How to make Unity find .dylib files?

Ok, I have 6 .dylib files built from OpenCV source code. These have respective .dll versions when deploying on Windows, which is already working without much effort.

However, I can't seem to understand how to make Unity find my .dylib files on OSX. The .NET wrapper fails with DllNotFoundException because it can't find the native OSX files, I guess.

The docs talk about .bundle files built with XCode. I have tried this, and even though I add the .dylib files as external frameworks, I seem to always end up with semi-empty .bundle files not containing the .dylib files that I added to the project. I read something about using install_name_tool to modify the bundles, but it's really confusing and I'm not quite sure about the interdependencies among these .dylib files. Do you really have to do this manually?

What's the simplest possible way to make Unity find the .dylib files? Can someone please shine some light on this seemingly super-obscure subject?

Is there not a tool to simply build a bundle with .dylib files that Unity will function with? Why is it so complex on OSX, when on Windows you just dump the dll files in the Plugins directory?

Ok I think I've worked out a solution. This might save some people a LOT of time and headaches:

Renaming a .dylib file to .bundle makes Unity find and load it, and it works! Weird? Yes.

Well, according to a post I found, on modern OSX, dylib and bundle are in practice interchangable, as they nowadays support mostly the same features (loading and unloading with dlopen() and dlclose()):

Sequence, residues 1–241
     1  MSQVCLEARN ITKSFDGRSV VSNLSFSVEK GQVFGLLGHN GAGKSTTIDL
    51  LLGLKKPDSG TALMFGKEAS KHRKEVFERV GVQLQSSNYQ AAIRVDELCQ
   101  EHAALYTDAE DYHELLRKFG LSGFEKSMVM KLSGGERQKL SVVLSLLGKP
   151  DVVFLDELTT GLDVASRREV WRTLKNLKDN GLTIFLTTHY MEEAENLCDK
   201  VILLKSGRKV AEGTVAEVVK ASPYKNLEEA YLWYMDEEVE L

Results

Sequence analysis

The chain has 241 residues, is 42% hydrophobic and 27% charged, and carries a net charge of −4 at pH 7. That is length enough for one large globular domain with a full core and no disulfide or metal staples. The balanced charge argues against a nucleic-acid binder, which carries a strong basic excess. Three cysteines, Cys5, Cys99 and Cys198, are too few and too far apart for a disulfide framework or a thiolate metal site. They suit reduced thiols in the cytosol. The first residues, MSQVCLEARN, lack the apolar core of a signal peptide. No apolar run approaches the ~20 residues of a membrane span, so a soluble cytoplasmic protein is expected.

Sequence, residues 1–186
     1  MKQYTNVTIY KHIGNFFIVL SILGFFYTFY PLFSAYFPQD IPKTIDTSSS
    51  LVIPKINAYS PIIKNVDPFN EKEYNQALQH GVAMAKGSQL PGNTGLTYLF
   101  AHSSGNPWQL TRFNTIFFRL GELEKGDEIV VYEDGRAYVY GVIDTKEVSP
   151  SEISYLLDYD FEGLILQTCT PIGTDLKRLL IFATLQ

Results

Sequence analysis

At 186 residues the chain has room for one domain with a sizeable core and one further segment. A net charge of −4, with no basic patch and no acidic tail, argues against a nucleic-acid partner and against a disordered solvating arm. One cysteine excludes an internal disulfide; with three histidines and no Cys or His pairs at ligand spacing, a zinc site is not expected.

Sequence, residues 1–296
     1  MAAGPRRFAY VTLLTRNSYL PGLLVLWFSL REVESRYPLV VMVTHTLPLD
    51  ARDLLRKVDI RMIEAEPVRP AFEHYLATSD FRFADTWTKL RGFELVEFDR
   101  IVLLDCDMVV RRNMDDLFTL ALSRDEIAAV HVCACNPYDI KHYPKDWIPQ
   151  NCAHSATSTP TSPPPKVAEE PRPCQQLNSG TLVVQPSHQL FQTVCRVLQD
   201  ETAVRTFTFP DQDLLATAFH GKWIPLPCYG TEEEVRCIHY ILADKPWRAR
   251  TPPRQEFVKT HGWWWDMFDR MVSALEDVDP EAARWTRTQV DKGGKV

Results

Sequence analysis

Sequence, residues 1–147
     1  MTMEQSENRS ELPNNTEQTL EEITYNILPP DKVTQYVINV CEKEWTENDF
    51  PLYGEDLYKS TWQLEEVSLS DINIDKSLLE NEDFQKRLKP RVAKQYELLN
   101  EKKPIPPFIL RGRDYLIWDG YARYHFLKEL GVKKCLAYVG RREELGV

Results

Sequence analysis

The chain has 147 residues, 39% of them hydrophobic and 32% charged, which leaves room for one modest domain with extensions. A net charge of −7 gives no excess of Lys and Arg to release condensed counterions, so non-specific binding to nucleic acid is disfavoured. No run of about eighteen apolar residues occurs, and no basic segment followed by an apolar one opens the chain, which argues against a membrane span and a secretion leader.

• The modern dlopen implementation on the Mac (it wasn't there at all in 10.0) seems capable of loading both "bundles" (the file version I think) and regular Mac shared libraries. In 10.4, dlclose() couldn't unload a dynamic library but could unload a bundle; in 10.5, it can unload both. So it's unclear how relevant the distinction between "loadable objects" and "shared libraries" is any more, at least if you're targeting 10.5 or 10.6 as your minimum required OS version.

Sooo... the limitation seems to be a Unity one in that it simply does not consider .dylib files for loading - only .bundle files, but when it does load .bundle files which happen to be dylib files, OSX just swallows it.. It could also be that this only works in Unity 3.0 - haven't tried in older versions.

Happy coding! Feel free to comment!

AFAIK, there is no way to convert dylibs to bundles, and you are correct that Unity will need bundles to load native C++ code on Mac OS X. You need to have the XCode project used to generate the dylib files, and reconfigure that to output bundles.

I wrote a tutorial for this at my blog. Hope it helps :slight_smile:

Following up on Magnus Wolffelt’s IOException issue, we had the same issue occurring and added a UnityEditor.Callbacks.PostProcessScene script that, on !EditorApplication.isPlayingOrWillChangePlaymode, moves the bundle outside of the plugins directory and a UnityEditor.Callbacks.PostProcessBuild that moves it back to that directory and copies it into the app. It works well enough for us, could be better though.

Here’s how you can convert a dylib to a bundle:

lipo -create build-release/src/nvtt/libnvtt_x86.dylib build-release/src/nvtt/libnvtt_x86_64.dylib -output nvtt
mkdir -p ../../../UnityProject/Assets/Scripts/Editor/TextureImport/nvtt.bundle/Contents/MacOS/
cp nvtt ../../../UnityProject/Assets/Scripts/Editor/TextureImport/nvtt.bundle/Contents/MacOS/

Alternatively if you just want to ship 64-bit then skip the lipo step and copy the dylib (without extension) to the Contents/MacOS folder